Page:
Another told me about his girlfriend. “She was Jewish and grew up in a completely secular home. She had no concept of Halacha and over dinner one night in some Manhattan restaurant we discussed our future. I explained that if she could accept Shabbat and Kashrut, we could get married. She promised she would try and we decided to see if she could simply avoid opening and closing the television and lights and driving on Shabbat. If she could do that for 6 weeks, then we would move in together. For two weeks she managed. On the third Saturday night when I called her, I heard hesitancy in her voice. She admitted she opened the TV and started asking what the point was in restricting electricity. I was in love and thought I would spend the rest of my life with this girl. She was everything I thought I wanted, but when I heard the tone in the question, I realized then and there that she could never be the mother of my children and we had no future. In my mind, I was a “religious” Jew and couldn’t imagine the possibility of giving that up. It would be treason.”
Some might call it hypocrisy. We as a community were eating in non-kosher restaurants, going to clubs and thinking about “moving in with her.” Yet we called ourselves observant or religious.
But therein lays the success. We were observant. We were religious. Within the community no one called us sinners. With title comes responsibility and because we kept out title, we kept our responsibilities. We had lines in the sand we couldn’t or wouldn’t cross.
Had we lost that title, then all the responsibilities would have disappeared with them. As ridiculous as it might sound to some of us today, if instead of being lauded for bringing our cheese to Vic’s, we were ridiculed for eating there, most would have stopped bringing the cheese, and instead of ascending the ladder we would have dropped off of it.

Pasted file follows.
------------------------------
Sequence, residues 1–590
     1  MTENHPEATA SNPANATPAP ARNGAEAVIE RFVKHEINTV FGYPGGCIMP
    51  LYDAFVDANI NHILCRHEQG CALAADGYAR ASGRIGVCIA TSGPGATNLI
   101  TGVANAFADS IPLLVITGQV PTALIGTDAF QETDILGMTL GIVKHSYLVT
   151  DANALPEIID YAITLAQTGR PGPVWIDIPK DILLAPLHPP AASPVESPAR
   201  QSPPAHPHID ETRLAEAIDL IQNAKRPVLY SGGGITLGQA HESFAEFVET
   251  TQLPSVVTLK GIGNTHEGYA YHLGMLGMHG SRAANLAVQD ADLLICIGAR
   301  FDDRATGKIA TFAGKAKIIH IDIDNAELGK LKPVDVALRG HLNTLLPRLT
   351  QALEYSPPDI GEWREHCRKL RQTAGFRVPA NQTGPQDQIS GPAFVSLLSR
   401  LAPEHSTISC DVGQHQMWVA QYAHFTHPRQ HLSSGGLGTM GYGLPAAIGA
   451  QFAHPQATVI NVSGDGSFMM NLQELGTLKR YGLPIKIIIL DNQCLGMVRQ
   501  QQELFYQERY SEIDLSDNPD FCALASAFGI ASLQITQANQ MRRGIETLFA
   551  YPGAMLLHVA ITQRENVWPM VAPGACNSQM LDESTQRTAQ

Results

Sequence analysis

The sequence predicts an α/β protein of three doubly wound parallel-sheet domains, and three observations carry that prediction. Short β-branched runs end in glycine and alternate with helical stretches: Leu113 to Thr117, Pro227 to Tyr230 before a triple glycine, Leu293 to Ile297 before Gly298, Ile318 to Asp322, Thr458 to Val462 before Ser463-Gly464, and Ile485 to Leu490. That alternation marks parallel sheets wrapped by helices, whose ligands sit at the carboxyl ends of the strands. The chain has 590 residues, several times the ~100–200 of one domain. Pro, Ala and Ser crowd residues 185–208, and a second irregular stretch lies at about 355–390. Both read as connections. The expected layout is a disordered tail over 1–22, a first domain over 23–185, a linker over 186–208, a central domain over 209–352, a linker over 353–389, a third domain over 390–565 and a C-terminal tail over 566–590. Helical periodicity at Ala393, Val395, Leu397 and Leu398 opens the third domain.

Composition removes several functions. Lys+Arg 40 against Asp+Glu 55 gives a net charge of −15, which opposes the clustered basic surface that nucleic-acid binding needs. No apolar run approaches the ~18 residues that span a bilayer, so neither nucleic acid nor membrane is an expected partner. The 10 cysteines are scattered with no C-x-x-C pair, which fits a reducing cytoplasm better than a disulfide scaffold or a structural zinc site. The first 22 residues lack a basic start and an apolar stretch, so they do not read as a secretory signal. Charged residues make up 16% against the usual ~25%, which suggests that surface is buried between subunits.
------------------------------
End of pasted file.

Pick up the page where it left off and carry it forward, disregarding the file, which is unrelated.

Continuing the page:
Many will point to the commandment hocheyach tochiyach et amitecha – to rebuke our friends. But my Rabbi would caution us that it takes a great expert to offer rebuke. Rebuke given the wrong way can more likely turn a person away rather than bring them back.
We talk about tolerance. This great Rabbi who we remember tolerated this and that great Rabbi who we remember tolerated that. But it’s much more than what we refer to as tolerating. It’s looking at a glass half full rather than a class half empty. It’s respecting people for what they are doing rather than demeaning them for what they are not. It’s about drawing close rather than pushing away.
We cannot forget Jacob’s ladder. It is a spiritual ladder which ascends to heaven itself. Some of us by virtue of birth were born on one rung and some on another. It’s easy for those above to look down upon those below. But who are we to judge. Instead we should offer everyone on that ladder encouragement. “Hold on tight,” we should say. “You’re doing great,” we should remind them. “Reach up for the next level,” we should cheer.
It’s too easy for the one above to step on the hands of the one below forcing him to fall and be lost forever. Just as one can save a world by saving a person, one can destroy a world by kicking one off that ladder. And none of us wants to be guilty of that.
So the next time you see someone doing something wrong, think twice before you criticize. And teach your kids the same. The goal is for each of us to climb higher without losing anyone in the process.